Seven Thoughts on Pastors Writing Books
Rewind my life six years and I would tell you that one of my biggest dreams in life is to get a book published. I hoped that someday, somehow, somewhere, for somebody I would be able to write a book. I never dreamt I would have that opportunity so soon and so often. It’s much more than I deserve.
Since 2008, when Why We’re Not Emergent came out, I’ve done a lot of writing and a lot thinking about writing. With Stephen Furtick in the news for his mansion-to-be and Mark Driscoll facing accusations (and some evidence within his ministry) of plagiarism, I thought it would be worthwhile to write down a few thoughts on pastors writing books.
1. Writing for others is a privilege. That someone should listen to me is pretty nice. That someone would take days or weeks to work through something I’ve written is remarkable. That someone would pay money to do so is amazing. Writing is hard work, but authors should never forget that to be read is also a tremendous gift.
2. Writing should be in the service of others. I have no problem with Christian publishing houses trying to make money. They have bills to pay. They can run a business on good will and pious aspirations. Likewise, I don’t have a problem with authors—even pastor authors—being paid for their work (more on this in a moment). It doesn’t even bother me that some authors would write mainly to make a living. But if we are talking about pastors, then surely our writing must be an effort to serve others. If you are in ministry and want to get a book published so you can “arrive” or can be “somebody” or can speak at the top conferences, you better check your heart. And if you are a pastor who is seen as having “arrived” and being “somebody,” that person should check his heart every day.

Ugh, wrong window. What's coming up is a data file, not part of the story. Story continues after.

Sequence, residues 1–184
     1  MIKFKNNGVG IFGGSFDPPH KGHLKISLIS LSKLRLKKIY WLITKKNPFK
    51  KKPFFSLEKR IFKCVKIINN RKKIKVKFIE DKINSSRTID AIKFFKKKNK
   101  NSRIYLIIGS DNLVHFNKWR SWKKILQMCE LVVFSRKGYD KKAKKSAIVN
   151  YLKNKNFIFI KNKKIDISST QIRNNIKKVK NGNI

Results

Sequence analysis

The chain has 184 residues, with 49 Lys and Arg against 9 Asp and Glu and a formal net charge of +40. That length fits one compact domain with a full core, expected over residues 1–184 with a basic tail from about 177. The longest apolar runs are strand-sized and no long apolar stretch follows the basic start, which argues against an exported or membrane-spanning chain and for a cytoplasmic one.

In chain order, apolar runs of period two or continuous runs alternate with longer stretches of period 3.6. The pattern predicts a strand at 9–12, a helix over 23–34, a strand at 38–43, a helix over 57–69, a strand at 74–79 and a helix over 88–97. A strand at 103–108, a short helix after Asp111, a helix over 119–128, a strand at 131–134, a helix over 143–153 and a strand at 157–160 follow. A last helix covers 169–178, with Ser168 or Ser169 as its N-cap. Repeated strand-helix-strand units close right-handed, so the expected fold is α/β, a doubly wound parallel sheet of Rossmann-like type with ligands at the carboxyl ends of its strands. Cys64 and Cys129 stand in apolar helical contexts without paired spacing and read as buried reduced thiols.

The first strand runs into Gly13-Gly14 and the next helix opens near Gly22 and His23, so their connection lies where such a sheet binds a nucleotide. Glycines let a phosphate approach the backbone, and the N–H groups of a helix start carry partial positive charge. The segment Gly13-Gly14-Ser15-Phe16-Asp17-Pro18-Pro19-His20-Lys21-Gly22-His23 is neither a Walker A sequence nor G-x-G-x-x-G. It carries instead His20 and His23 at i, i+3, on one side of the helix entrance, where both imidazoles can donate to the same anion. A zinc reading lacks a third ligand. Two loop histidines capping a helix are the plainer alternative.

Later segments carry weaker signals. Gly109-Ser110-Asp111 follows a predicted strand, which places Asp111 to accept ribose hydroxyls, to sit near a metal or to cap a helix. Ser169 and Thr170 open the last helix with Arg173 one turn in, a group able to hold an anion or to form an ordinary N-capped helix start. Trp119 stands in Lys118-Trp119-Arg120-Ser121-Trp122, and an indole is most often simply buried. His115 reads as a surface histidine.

I think I can honestly say that my desire to write and be published was mostly about a passion to say something worthwhile and a love for writing. I was thrilled when my first book (Freedom and Boundaries) was self-published. This meant my elders could read it, my church could read it, my parents could read it. I wasn’t thinking about anything bigger. I just wanted some of my ideas to get out there. But I also know I have to remind myself of these motives often. It’s easy to start with the best of intentions and end up being an author for all the wrong reasons—because someone tells you it’s time to publish another book, because you want another pay day, because you want to climb the ladder of ministry success. All of us who write must constantly ask the question: am I really doing this to serve others or to serve myself?
3. Writing should be kept in proportion. I’m glad I read Martyn Lloyd-Jones before I ever wrote a book because I can hear the Doctor in the back of my head saying, “The pastor is first of all a preacher and not a writer.” There is nothing wrong with being a writer first, but that’s simply not the calling of a pastor. I need to be a faithful preacher and a caring shepherd before I am a good writer. I’m very fortunate to have a church that values study and supports me in my writing. But I owe it to them, and to my calling as a pastor, to make sure that I do not become an author who pastors a church on the side.